Steering a commercial boat or large yacht can be similar to driving a heavy car with bad brakes. It’s difficult to stop, and response to the rudder is slow. This poses no problem in the open sea, but it can be real challenge to maneuver the vessel in a congested marina or when docking. This is where a bow thruster comes in.
A bow thruster consists of an open-ended tube that runs through the underwater sections of the hull near the bow and perpendicular to the keel. A propeller mounted at some point inside this tube can rotate in either direction. The helmsman selects the rotational direction and actuates the propeller. As a result, the bow thruster sucks a solid stream of water in one end of the tube and forces it out of the other, pushing the bow sideways and augmenting the rudder to make steering more responsive.
Two Props are better than one
Traditional single propeller systems generate thrust by accelerating water in the axis of the propeller shaft. However, the water discharged by the propeller also rotates. This is due, in part, to the friction between the surface of the propeller and the water. This rotational component does not produce thrust, but it does consume energy. That’s why Fred Knowles of Hansen Marine, Marblehead, Mass., like the ABT-TRAC thruster from American Bow Thruster, Rohnert Park, Cal. The ABT-TRAC thruster is designed with two counter-rotating propellers. By turning the propellers in opposite directions, the efficiency of the ABT-TRAC thruster becomes 10 to 15% greater than that of single propeller systems.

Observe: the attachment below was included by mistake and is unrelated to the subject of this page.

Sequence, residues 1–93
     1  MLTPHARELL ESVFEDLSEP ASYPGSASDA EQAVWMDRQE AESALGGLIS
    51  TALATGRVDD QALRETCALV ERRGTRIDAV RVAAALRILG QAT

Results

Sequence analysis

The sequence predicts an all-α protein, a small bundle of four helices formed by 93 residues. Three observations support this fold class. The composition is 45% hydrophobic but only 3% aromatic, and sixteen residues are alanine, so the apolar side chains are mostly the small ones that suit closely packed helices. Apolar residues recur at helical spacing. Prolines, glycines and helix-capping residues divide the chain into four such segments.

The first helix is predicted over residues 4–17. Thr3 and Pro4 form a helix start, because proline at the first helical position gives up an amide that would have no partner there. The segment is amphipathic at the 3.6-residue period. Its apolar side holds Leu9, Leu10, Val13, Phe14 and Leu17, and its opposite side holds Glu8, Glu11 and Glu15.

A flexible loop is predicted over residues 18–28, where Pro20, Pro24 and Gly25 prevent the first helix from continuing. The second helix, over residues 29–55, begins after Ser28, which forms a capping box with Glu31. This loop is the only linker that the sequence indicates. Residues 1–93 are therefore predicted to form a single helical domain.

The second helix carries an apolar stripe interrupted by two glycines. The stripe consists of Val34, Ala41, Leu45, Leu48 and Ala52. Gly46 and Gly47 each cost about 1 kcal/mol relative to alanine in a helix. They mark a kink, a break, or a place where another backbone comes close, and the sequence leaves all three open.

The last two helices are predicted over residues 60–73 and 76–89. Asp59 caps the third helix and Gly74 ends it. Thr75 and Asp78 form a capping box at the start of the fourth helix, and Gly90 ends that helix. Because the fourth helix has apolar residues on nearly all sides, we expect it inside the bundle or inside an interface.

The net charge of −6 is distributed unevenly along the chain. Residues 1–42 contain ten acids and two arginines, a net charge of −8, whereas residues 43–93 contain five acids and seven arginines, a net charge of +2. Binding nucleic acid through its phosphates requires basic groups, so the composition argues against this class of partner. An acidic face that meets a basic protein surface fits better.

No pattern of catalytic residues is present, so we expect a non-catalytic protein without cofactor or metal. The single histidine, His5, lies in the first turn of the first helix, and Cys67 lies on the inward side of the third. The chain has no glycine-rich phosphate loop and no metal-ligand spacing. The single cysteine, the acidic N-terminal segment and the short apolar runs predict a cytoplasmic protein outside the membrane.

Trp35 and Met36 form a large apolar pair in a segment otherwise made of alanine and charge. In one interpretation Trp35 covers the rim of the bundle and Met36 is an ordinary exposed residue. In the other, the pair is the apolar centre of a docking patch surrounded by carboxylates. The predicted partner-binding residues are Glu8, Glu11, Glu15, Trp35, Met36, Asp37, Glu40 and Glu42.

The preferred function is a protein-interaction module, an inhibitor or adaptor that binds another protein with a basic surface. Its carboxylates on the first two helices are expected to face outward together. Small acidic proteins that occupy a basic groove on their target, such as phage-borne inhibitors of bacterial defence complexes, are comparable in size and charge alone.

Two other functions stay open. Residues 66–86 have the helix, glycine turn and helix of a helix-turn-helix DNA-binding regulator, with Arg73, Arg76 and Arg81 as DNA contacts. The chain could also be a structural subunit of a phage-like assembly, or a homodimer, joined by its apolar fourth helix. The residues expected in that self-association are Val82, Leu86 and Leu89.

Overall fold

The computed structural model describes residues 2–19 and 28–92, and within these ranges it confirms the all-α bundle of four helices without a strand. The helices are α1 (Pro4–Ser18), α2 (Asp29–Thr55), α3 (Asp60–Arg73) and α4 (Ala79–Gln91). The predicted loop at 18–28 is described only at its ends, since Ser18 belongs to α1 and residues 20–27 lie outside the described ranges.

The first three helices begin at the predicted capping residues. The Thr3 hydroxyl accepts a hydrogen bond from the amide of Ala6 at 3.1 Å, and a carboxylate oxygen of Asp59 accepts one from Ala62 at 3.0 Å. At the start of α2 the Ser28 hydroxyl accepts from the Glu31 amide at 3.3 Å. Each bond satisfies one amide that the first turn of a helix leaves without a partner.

Single propeller thrusters have no way to prevent losing energy to the rotational forces imparted into the water. Because this loss increases with speed, there is a practical limit to the amount of input horsepower that can be applied to single propeller systems. ABT-TRAC’s counter-rotating propellers cancel out rotational losses so greater horsepower can be input into a given tunnel diameter. As a result, ABT-TRAC thrusters generate up to 50% more thrust than competing thrusters of the same diameter.
Hydraulics provides power
Because the bow thruster propellers are underwater, a hydraulic motor is a practical means of power transmission. For even higher over-all efficiency, ABT-TRAC hydraulic thrusters are fitted with piston-type motors. These motors are 10 to 18% more efficient than the vane or gear motors used in most other thrusters. As a result, overall efficiency of the ABT-TRAC (in terms of thrust per input horsepower) could be 20 to 33% greater than competing products.
The vessel’s engine drives the hydraulic system’s pump through a power takeoff (PTO). And because the bow thruster is only used for relatively short periods of time, it’s logical to disengage the bow thruster power train with a clutch during idle periods. This minimizes wear and tear on pump and auxiliary drive, and saves fuel by eliminating energy consumption by the thruster when not in use.
Hansen specifies Logan 300 or 600 series Direct Drive PTO’s based on application requirements. The heavy-duty PTO 300’s compact, in-line configuration suits the power train well, as does its high torque rating. Because the clutch is hydraulically-actuated, mechanical linkages are eliminated, and the bow thruster can be rapidly engaged or disengaged remotely from the vessel’s control station.
Logan’s PTO 300 clutches incorporate a multiple disc pack design, enabling them to transmit high torque within a compact housing they are corrosion resistant, require no external lubrication, and are self-adjusting. The cylinder-piston travel compensates for disc wear to provide consistent performance.